It is however fair to say that in the hands of Roger Glover, Nazareth’s success had been building since their third album, Razamanaz (1973), the first of three discs produced by Roger Glover from Deep Purple, whom Nazareth had supported on tour.
It was an accurate representation of the band’s rugged, blues-based repertoire, with McCafferty’s imposing vocal presence announcing that he had what it took to stand alongside such other illustrious frontmen as Free’s Paul Rodgers or Led Zeppelin’s Robert Plant. The album reached No 11 in the UK and even pierced the US Top 200, while Bad Bad Boy and the romping, stomping Broken Down Angel were both UK Top 10 singles.
They were back among the hits with Loud’n’Proud (1973), their fourth album, which reached No 10 in the UK. It also gave them a hit single with their version of Joni Mitchell’s This Flight Tonight, utterly transformed from the original’s acoustic guitar and fluttery vocals by Nazareth’s hard-rock throb, with Dan McCafferty’s sandpapery rasp soaring to operatic heights. Mitchell was amazed and delighted when she heard it. The song was also a major hit in Canada, where Nazareth became an enduringly popular act throughout their career.
The band’s expertise in cover versions gained during their earlier incarnation as the Dunfermline band the Shadettes paid off handsomely as they proceeded to record a boldly eclectic range of other people’s songs alongside their original material. Loud’n’Proud also included versions of Bob Dylan’s Ballad of Hollis Brown and Little Feat’s Teenage Nervous Breakdown, while on Rampant (1974) they unleashed an apocalyptic retread of The Yardbirds’ Shapes of Things.
They took it further on Hair of the Dog (1975), pairing a soulful take on Randy Newman’s Guilty, featuring a Rod Stewart-like performance by McCafferty, with a rowdy update of Nils Lofgren’s Beggars Day. The swashbuckling strut of the album’s title track also became a Nazareth classic, and one which inspired the future Guns N’ Roses frontman, Axl Rose, whose own vocals would bear a McCafferty-like timbre.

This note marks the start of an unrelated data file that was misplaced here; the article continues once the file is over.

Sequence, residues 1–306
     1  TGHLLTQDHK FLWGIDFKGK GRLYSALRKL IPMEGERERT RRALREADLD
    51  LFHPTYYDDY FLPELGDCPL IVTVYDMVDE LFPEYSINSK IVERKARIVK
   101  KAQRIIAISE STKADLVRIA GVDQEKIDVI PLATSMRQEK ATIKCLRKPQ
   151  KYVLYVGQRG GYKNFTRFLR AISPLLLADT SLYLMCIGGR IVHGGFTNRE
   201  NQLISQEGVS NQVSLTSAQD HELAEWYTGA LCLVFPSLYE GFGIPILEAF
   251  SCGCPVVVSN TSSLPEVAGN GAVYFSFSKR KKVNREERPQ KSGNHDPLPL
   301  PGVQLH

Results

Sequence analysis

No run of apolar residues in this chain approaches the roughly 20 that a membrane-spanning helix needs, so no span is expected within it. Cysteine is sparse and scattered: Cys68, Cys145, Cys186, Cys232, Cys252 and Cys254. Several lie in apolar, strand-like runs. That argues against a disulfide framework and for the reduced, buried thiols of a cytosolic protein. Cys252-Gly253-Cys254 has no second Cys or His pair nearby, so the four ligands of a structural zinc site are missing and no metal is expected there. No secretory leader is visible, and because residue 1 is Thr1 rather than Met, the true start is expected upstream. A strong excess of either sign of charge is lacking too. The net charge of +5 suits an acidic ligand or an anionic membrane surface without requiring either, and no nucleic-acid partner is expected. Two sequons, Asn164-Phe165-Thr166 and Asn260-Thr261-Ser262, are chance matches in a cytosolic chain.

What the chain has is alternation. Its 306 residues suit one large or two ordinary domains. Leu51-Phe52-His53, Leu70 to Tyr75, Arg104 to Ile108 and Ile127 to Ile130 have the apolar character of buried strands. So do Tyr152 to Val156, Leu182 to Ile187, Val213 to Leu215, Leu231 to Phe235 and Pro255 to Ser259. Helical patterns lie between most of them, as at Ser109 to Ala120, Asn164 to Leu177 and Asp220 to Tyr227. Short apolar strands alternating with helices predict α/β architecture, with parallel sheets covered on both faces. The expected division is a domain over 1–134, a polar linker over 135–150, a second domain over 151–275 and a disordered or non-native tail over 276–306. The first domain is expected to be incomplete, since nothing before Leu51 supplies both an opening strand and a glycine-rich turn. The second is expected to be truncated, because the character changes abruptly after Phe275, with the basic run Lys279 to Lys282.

Also in 1975 Nazareth reached the UK Top 20 with their version of the underground classic My White Bicycle, originally recorded by Tomorrow. 2XS (1982) was their last album to reach the US Top 200 listing.
The band kept on touring the world for another 3 decades, with several album releases that were mostly bought by the band’s loyal fans. McCafferty kept fronting the band until 2013 when his COPD got the best of him and 90 minutes shows were simply becoming too exhausting. McCafferty features on all Nazareth’s albums up to Rock’n’Roll Telephone (2014), though his COPD meant that he had had to give up live performances in 2013. Also that year, he collapsed on stage at a gig in Cranbrook, British Columbia, because of a burst stomach ulcer.
“I’m sad about it but I just can’t sing a whole set live any more,” he said in 2014. He was replaced as vocalist by Carl Sentance, though was subsequently able to record his third solo album, Last Testament (2019), following on from Dan McCafferty (1975) and Into the Ring (1987).
Dan McCafferty passed away from COPD on November 8, 2022 at the age of 76.
Nazareth’s “Love Hurts” was the highest-charting version of the tune — also famously covered by Cher as the title track of her 1991 album of the same name — and it has become a go-to power ballad in dozens of movies, including Wayne’s World, This is Spinal Tap, Dazed and Confused, Rock Star, Empire Records, Bill & Ted’s Excellent Adventure and many more.